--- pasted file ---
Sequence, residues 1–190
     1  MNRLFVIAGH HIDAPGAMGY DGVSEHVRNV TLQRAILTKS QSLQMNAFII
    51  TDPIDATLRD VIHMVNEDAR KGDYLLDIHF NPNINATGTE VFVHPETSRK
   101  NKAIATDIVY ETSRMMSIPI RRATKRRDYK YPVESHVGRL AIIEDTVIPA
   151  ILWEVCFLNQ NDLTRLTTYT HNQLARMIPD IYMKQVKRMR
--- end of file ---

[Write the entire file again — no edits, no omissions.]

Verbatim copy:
Sequence, residues 1–190
     1  MNRLFVIAGH HIDAPGAMGY DGVSEHVRNV TLQRAILTKS QSLQMNAFII
    51  TDPIDATLRD VIHMVNEDAR KGDYLLDIHF NPNINATGTE VFVHPETSRK
   101  NKAIATDIVY ETSRMMSIPI RRATKRRDYK YPVESHVGRL AIIEDTVIPA
   151  ILWEVCFLNQ NDLTRLTTYT HNQLARMIPD IYMKQVKRMR